The US Food and Drug Administration (FDA) has approved marketing for a new diagnostic test that tests amyloid plaques in people tested for Alzheimer’s disease. According to the report, Lumipulse G 7 [beta]The amyloid ratio (1-42 / 1-40) test, which will be sold by Fujirebio Diagnostics, is now approved for adults 55 years of age or older who are being assessed for Alzheimer’s and other causes of cognitive decline.
“FDA approval of the Lumipulse G7-amyloid ratio (1-42 / 1-40) test and the upcoming US launch are important milestones in the conversion campaign. [Alzheimer’s] In a manageable disease, “said Monte Wilts, president and CEO of Fujirebio, in a recent press release. Fujirebio applied for FDA approval late last year.
“Patients, physicians and families now have a valuable new tool to help identify those whose early symptoms may be indicated. [Alzheimer’s]It provides an opportunity to embrace lifestyle changes and the possibility of accessing new therapies aimed at slowing or stopping the progression of the disease, ”Wilts said.
According to doctors and experts, a plaque of beta-amyloid protein in the brain, which is thought to drive the disease, is characterized by the presence of Alzheimer’s. Tests for beta-amyloid plaques are usually part of the diagnostic evaluation for Alzheimer’s, but so far, the only way to test these plaques was with a PET scan.
The Lumipulse test is designed to measure the levels of a patient’s cerebrospinal fluid (CSF), the liquid beta-amyloid protein around the brain and spinal cord. The experiment measured two forms of the protein, known as beta-amyloid 42 and beta-amyloid 40.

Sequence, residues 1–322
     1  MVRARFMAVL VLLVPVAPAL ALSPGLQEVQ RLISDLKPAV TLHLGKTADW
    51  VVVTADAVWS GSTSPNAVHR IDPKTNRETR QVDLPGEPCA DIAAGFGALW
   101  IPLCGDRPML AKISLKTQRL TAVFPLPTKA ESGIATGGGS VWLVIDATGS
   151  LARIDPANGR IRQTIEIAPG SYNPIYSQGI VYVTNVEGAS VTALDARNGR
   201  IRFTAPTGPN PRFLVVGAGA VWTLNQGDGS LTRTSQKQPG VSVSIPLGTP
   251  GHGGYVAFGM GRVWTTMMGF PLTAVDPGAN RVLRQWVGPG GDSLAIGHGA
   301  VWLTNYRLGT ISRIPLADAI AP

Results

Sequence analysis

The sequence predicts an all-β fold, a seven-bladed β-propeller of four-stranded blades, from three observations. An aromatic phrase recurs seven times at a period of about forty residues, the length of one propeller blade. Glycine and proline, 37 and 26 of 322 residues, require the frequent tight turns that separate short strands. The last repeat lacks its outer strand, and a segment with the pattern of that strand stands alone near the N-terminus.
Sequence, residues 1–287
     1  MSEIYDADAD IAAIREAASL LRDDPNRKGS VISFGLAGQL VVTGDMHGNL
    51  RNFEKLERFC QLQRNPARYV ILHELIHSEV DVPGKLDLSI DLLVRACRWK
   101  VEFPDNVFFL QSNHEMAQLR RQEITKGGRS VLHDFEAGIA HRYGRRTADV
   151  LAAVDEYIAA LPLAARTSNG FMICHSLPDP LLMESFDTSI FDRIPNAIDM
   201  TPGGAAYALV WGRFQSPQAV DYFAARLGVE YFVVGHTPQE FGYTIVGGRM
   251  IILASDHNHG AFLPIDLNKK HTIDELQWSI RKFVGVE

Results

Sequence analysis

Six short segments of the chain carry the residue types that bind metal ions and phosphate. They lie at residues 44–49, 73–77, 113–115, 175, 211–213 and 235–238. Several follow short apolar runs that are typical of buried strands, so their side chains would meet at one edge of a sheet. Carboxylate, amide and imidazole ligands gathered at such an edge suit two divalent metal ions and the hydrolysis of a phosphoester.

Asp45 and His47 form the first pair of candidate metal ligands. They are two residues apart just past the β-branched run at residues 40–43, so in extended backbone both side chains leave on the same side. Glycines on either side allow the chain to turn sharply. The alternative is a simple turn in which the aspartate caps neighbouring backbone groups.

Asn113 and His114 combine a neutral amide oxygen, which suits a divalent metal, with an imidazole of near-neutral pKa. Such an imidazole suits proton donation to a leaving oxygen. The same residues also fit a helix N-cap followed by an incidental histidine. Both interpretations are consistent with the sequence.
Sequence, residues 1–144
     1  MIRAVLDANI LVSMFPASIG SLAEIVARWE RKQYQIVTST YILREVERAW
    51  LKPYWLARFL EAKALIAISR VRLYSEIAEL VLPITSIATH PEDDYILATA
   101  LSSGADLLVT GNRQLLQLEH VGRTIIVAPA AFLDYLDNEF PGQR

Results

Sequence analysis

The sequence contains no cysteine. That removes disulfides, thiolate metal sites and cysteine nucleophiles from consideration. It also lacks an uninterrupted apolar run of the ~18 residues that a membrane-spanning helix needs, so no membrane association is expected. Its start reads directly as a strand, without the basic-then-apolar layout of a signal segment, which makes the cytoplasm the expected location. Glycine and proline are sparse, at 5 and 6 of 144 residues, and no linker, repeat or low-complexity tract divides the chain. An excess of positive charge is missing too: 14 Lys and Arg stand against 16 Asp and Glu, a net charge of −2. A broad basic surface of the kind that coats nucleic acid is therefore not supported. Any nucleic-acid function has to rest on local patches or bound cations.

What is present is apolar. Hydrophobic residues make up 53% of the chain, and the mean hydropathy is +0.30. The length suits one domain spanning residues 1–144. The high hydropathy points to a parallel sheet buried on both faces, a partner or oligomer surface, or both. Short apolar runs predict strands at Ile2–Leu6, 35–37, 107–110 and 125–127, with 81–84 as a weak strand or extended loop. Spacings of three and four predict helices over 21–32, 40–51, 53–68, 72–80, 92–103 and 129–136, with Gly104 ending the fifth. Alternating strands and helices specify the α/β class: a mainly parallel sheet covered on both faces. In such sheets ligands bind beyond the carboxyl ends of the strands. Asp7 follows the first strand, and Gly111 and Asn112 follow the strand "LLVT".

“The availability of an in vitro, or lab, a diagnostic test that could potentially eliminate the need for time-consuming and expensive PET scans is great news for individuals and families concerned with the possibility of an Alzheimer’s diagnosis,” said Jeff Shuren, MD, FDA’s Center for Divide. The director of Radiological Health said in a separate release.
According to the company, the Lumipuls test is not intended to be used as a stand-alone measure to diagnose Alzheimer’s, but may help diagnostic work-ups. Diagnosis of Alzheimer’s has historically relied heavily on cognitive assessment, but most of the time these are not accurate enough to detect Alzheimer’s at an early stage, Fujirebi claimed.
“The importance of early diagnosis [Alzheimer’s] Widely recognized, but to date, no approved biomarker tests are available for physicians and patients. FDA approval of the Fujirebio β-amyloid ratio test is a significant breakthrough that marks the dawn of a new era, providing more efficient clinical trials for newcomers. [Alzheimer’s] Therapy and enables patients and their doctors to make more informed decisions and take steps much earlier in the disease process, ”Hu said.